Data stores represent records that contain information regarding the water quality testing program, including sampling plans or guidelines (D1), information about the sample’s location and date of sampling (D2), and written records of the contextual information and test results of a sample (D3-D6), transformed or summarized into different formats. All suppliers in Kenya (4/4) and most throughout MfSW countries (10/11) had written sampling plans with a set schedule (e.g., dates, and/or sampling locations on those dates) (Table 1). Water suppliers typically established their sampling plans to meet regulatory requirements for sampling frequencies for distribution networks, often based on the World Health Organization (WHO) recommendations32. Water suppliers generally repeated sampling locations, but also altered sampling patterns when piped water was intermittent, resources were limited, or permissions were required (as in the case of household taps). In contrast, only one of the three surveillance agencies in Kenya and fewer than half of those that participated in MfSW (7/15) had written sampling plans, and even these rarely followed a set schedule or repeated sampling locations. The practice of varying sample collection between different water supply types follows the WHO recommendations for non-piped supplies, which state that every source should be tested every 3–5 years32 (Table 1). In practice, many surveillance agencies selected their sample schedule based on the availability of transportation, staff, and equipment, or on indications of suspected contamination; these constraints to water quality testing are discussed in more detail elsewhere 21.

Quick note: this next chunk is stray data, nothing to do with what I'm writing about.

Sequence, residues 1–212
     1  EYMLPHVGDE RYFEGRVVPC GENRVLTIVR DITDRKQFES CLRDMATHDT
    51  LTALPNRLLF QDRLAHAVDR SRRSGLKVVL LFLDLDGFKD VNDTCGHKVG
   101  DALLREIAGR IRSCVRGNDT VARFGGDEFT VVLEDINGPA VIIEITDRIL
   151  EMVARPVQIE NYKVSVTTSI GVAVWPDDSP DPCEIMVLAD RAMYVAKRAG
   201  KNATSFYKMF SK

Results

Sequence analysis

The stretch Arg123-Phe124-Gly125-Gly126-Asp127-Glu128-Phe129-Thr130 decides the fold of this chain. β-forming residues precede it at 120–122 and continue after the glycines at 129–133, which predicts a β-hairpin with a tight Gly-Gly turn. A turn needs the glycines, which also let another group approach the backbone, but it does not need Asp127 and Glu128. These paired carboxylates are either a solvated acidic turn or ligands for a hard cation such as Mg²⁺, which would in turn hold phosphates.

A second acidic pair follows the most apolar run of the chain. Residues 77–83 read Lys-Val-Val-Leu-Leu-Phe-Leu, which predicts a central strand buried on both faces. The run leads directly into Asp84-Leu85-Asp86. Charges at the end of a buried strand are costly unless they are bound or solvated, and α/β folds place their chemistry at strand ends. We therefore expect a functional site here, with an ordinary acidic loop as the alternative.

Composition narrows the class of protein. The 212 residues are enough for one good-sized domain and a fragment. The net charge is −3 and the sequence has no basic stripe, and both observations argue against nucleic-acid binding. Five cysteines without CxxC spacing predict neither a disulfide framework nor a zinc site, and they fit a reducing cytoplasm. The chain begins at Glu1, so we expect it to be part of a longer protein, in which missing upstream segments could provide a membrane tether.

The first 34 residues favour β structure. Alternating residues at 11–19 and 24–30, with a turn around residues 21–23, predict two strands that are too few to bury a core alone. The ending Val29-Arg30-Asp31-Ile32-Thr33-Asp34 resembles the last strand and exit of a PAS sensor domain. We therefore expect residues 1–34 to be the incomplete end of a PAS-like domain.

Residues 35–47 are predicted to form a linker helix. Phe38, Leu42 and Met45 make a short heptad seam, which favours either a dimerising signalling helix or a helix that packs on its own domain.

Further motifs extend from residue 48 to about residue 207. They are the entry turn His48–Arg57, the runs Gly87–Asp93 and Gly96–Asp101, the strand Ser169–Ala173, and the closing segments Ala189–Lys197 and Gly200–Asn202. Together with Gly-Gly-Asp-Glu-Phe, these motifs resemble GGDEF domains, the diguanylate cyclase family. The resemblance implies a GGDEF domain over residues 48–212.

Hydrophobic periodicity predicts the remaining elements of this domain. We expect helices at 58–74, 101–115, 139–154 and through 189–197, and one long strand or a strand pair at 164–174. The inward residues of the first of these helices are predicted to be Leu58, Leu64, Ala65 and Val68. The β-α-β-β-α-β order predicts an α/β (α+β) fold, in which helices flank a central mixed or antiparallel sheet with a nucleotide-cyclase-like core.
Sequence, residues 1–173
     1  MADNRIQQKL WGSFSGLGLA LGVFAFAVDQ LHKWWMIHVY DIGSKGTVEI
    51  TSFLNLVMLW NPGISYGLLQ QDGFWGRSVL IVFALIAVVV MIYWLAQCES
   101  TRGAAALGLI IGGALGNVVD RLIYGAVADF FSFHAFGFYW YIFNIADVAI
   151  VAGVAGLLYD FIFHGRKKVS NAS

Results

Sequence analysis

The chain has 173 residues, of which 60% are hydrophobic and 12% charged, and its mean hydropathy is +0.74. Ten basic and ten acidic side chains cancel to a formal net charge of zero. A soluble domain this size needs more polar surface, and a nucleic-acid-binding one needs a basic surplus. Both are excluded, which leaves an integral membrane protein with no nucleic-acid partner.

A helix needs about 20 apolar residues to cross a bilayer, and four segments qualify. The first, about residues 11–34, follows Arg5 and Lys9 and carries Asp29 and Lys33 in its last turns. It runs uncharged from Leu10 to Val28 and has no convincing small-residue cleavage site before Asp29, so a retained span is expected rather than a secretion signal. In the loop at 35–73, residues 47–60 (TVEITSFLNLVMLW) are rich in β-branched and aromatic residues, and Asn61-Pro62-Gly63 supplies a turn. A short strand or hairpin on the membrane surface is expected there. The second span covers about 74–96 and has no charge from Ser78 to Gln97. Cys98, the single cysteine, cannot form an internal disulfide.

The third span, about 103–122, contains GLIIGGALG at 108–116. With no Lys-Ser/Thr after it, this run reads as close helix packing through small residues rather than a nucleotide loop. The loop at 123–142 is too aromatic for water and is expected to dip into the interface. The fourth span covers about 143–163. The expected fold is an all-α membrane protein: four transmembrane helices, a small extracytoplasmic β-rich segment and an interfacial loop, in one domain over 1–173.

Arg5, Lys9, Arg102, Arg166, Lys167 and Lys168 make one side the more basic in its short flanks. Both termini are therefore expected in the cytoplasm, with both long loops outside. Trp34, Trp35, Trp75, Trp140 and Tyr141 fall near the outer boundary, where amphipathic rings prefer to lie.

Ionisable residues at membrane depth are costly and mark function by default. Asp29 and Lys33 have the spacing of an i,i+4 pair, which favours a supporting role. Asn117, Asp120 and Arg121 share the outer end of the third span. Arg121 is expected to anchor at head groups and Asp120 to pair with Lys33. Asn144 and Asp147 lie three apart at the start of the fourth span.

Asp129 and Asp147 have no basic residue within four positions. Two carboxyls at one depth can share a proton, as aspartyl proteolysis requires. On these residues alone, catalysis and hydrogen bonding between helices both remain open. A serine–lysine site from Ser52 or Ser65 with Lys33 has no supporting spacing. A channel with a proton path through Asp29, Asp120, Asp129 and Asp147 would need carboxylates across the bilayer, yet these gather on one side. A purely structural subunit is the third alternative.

Most institutions used a combination of paper and digital records to manage data collection and recordkeeping. In the field, data were recorded on the water sample container, on blank paper, or in photocopied recording templates (D2, Table 1). Mobile phone applications for recording data were only used in one of the testing programs, and this was excluded from Table 1 because the phone application was introduced through MfSW20. All institutions eventually transcribed microbial water quality data from paper to computer programs (often driven by the MfSW program requirement for electronic sharing of results with research staff), but this process occurred at different points in the sampling program as determined by computer or internet availability. Hardcopies of monthly and quarterly reports were often maintained in physical folders. Though most institutions responded to test results indicating that water supplies were out of compliance, they generally did not document these response follow-up or mitigation actions; therefore, we excluded this activity from the generalized DFD presented in Fig. 1. Among suppliers, management (central or local) was often responsible for reporting to external entities, and among surveillance agencies, health staff or local management were generally responsible for external reporting (Table 1).